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01.08.2015 | Case Report | Ausgabe 4/2015

European Surgery 4/2015

Extensive pancreatic heterotopia in distal esophagus mimicking esophageal malignancy

European Surgery > Ausgabe 4/2015
MD, PhD T. Grus, MD, PhD S. Trca, MD, MSCS, PhD L. Lambert, MD G. Grusova, MD Z. Kovacova



We report an unusual and rare case of a young adult patient with extensive symptomatic pancreatic heterotopia in the distal esophagus that appeared on imaging as a malignant tumor. After comprehensive preoperative workup, the soft tissue mass was treated surgically according to intraoperative histology that revealed its benign nature.


A young male patient with worsening epigastric pain, gastroesophageal reflux, and weight loss presented in a university hospital for a comprehensive diagnostic workup. Apart from clinical examination and laboratory tests, he underwent gastroscopy, esophageal manometry, endoscopic ultrasound, barium meal study, computed tomography (CT), and positron emission tomography (PET-CT). Finally an interdisciplinary board recommended surgical removal of a mediastinal mass and final diagnosis was reached by intraoperative histology.


The clinical examination and laboratory test were unremarkable, esophageal manometry suggested achalasia due to simultaneous spastic and retrograde contractions with high amplitude. Barium meal showed mild compliant stenosis of the distal esophagus, but gastroscopy found no explanation. CT and later also PET-CT revealed a large soft tissue mass with avid accumulation of 18F-fluorodeoxyglucose surrounding the distal esophagus. Endoscopic ultrasound was very limited and no representative tissue samples were obtained prior to surgery. The surgeon accessed the mediastinum through the left thoracotomy and found a noncompliant well-defined mass surrounding the distal esophagus. Intraoperative histology showed nothing but common structures of pancreatic tissue.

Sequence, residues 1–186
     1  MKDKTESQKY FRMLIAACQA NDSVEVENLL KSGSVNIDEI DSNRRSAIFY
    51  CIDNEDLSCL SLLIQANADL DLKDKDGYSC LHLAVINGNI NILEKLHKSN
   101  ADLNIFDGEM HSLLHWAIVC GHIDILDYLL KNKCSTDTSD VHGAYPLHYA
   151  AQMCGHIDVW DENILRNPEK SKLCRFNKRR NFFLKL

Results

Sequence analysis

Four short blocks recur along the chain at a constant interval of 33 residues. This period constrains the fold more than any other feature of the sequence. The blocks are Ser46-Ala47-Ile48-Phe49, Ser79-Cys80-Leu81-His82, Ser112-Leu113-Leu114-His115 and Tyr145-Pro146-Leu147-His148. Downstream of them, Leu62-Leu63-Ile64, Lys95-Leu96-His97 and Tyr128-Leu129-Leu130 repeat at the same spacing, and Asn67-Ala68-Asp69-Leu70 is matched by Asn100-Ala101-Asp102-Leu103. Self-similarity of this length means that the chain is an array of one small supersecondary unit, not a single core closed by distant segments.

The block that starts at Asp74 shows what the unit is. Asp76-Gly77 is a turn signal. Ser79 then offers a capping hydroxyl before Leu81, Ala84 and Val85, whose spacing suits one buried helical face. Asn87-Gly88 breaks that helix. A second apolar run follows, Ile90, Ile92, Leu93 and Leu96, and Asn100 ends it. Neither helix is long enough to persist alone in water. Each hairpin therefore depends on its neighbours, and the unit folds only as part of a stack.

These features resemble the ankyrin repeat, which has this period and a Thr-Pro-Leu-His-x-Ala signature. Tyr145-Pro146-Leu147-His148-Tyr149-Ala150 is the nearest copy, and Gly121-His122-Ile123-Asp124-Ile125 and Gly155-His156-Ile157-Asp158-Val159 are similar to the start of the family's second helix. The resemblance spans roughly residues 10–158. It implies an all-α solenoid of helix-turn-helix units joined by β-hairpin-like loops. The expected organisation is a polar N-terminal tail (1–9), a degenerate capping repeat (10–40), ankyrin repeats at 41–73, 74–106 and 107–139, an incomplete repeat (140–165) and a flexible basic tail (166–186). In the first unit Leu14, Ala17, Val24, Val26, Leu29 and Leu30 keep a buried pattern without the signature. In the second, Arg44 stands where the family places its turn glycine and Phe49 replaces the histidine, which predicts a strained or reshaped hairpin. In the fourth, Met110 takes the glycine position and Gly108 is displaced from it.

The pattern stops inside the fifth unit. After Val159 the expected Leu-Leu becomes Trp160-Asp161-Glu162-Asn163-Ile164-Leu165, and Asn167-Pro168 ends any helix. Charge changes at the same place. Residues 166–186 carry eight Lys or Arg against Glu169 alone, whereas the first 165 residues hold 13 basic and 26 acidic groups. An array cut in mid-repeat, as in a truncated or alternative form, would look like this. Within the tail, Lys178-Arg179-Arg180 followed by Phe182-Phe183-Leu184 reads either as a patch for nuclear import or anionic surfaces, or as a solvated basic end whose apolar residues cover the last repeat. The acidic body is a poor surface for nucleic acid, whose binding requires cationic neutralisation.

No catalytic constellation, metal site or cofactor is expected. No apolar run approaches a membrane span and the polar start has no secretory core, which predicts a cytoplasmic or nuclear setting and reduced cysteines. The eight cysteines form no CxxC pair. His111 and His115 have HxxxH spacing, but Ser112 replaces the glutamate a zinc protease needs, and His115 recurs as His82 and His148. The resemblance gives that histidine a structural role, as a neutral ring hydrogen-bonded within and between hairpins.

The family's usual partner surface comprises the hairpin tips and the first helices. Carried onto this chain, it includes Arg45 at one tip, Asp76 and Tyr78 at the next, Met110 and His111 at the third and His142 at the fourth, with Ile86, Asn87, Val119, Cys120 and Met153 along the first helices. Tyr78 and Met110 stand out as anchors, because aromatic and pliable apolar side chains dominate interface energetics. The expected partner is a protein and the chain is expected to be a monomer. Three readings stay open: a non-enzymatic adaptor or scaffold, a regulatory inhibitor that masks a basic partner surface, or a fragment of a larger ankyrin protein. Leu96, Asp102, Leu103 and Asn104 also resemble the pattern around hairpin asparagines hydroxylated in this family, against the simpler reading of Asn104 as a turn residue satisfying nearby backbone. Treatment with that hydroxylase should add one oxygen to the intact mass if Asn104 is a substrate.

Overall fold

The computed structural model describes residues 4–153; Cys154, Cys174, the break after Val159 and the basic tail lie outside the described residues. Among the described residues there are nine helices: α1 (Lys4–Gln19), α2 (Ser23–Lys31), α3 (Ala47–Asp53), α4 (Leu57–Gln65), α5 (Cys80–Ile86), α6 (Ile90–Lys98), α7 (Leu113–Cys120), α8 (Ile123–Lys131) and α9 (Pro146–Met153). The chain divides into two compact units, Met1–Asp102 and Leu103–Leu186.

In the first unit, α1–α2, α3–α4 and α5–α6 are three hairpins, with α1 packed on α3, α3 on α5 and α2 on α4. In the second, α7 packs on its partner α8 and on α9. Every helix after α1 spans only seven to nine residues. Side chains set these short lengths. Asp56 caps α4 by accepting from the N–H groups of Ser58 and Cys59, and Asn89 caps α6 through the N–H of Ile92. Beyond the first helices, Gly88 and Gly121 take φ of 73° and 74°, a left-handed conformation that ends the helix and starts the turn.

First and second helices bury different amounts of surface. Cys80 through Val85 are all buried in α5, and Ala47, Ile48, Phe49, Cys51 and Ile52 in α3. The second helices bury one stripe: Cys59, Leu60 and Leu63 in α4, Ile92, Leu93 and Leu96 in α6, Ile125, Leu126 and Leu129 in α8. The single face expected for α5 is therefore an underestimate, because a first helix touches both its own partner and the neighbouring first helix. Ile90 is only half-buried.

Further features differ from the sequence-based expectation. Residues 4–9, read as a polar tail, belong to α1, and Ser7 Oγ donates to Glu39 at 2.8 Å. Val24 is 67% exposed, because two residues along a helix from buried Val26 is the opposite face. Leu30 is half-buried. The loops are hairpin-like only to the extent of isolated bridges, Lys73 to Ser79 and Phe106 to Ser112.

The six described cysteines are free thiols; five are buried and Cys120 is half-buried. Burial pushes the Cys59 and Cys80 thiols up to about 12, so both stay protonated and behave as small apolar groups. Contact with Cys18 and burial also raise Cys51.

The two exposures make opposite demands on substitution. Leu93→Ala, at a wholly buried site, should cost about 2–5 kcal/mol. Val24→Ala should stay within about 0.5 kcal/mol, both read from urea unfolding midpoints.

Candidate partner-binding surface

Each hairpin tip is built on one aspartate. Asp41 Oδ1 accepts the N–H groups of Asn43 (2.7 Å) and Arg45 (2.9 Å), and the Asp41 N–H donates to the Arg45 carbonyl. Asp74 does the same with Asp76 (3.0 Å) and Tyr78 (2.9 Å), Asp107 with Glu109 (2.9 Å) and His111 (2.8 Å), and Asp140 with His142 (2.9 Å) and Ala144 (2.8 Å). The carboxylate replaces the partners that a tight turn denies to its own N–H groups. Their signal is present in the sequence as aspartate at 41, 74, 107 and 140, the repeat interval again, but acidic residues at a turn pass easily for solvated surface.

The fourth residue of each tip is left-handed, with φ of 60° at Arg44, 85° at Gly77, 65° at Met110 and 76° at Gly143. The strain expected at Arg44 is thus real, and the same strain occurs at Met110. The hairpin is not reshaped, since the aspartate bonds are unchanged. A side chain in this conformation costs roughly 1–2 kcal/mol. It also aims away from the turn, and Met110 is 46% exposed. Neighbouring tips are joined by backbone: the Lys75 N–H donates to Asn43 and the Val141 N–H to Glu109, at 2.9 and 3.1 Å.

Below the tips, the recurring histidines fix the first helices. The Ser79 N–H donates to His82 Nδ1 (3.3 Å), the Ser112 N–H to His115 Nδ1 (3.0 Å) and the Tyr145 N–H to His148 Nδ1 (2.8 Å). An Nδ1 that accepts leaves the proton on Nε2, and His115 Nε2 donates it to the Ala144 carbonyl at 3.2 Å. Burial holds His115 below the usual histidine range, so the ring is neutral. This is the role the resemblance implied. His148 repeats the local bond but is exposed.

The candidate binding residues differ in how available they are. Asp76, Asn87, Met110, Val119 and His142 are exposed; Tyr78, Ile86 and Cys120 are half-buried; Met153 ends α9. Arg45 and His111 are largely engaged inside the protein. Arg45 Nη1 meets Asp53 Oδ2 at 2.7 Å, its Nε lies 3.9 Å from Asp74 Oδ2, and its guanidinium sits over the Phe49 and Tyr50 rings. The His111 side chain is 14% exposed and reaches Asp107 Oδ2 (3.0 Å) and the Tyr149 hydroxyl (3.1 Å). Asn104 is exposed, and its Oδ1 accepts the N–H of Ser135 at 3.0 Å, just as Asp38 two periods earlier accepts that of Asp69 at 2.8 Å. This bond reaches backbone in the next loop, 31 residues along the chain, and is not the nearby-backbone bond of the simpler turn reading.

A large soft-tissue mass of pancreatic heterotopia in the distal esophatus is extremely rare and preoperative workup inconclusive. Only surgical exploration and (intraoperative) histology are in a position to reveal its true nature.

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